Easing file recovery

By Paul Murphy, author of The Unix Guide to Defenestration

If you're a typical Solaris sysadmin you just live for those phone calls in which some user tries desperately to move his or her emergency file recovery to the absolute top of the data center's priority list. Well, maybe not - but there is something you can do to help both the user and yourself here.

Take a long hard look at non PC file recovery requests over a month or two and you'll probably notice that there's a pattern to them with 70 to 95% of the requests coming from 10% of the requestors. In most cases these cover the same systems too, most commonly a file that automatically gets deleted on completion of some process. Many companies, for example, have GL or other financial applications update processes that start with the daily transfer of a text file from another company or division. Since those files are usually erased a day or two after process completion, a user who wants to verify a result or rerun an update has to call you to ask for a file recovery.

It's easy to make this process hard enough on users so that they don't call you so often, but what they tend to do instead is copy the files to their PCs and cause absolute chaos when they update the system after having uploaded the wrong recovery files. The smarter thing to do, therefore, is to find ways of making recovery quick and easy.

My strategy for this is to set up a directory heirarchy reflecting the applications to which file transfer apply and then modify the delete part of the run time process to squirel away a copy of the file into the right spot in this heirarchy with its orginal name modified to add the date and time. A shipping information file, for example, might go into


Once you've got this working and have developed a backlog of files, you can usually deal with user file recovery requests while the user is on the phone with you.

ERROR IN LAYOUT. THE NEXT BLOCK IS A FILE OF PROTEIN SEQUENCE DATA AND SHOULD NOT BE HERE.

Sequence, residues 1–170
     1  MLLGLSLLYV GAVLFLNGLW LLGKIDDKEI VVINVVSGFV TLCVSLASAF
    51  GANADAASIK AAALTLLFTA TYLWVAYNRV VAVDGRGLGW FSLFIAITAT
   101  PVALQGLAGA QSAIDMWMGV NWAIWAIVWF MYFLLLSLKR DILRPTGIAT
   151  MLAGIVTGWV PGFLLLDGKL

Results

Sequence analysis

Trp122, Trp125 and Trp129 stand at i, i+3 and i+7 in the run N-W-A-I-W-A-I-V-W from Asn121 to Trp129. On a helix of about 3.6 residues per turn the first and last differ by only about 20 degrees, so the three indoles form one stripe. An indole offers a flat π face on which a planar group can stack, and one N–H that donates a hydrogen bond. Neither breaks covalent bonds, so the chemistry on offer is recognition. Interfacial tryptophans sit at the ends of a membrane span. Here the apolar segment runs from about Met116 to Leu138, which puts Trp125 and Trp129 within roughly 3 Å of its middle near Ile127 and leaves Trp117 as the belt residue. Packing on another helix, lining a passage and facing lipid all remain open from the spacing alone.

There are some housekeeping issues to watch out for:

  1. Don't stop making and testing the normal backups!

  2. Make sure your copies don't change permissions. The utility of 'umask 0000' differs by Unix variant so test to be sure but, generally, cp to a directory tree made with umask set to 0000 will preserve permissions.

  3. Although these are normally text files that compress very well, you'll still need to do cleanups. A daily cron job along the lines of 'find /murphbk -ctime 70 -exec rm {}\; ' will do nicely. Note that's just a bit over two months - because a week after month end is often a hot time for these requests.

  4. In some cases users will want to manipulate the file before uploading it to the application itself. For those, it's usually best to store the file both immediately after it arrives; i.e. as part of the transfer process; and, after the upload process.

You will always get outlier requests that you have to go to the tape vaults for, but automating the process of maintaining the on line backups and indexing that by application name generally makes the whole thing a lot less painful for you, and a lot more effective for the users.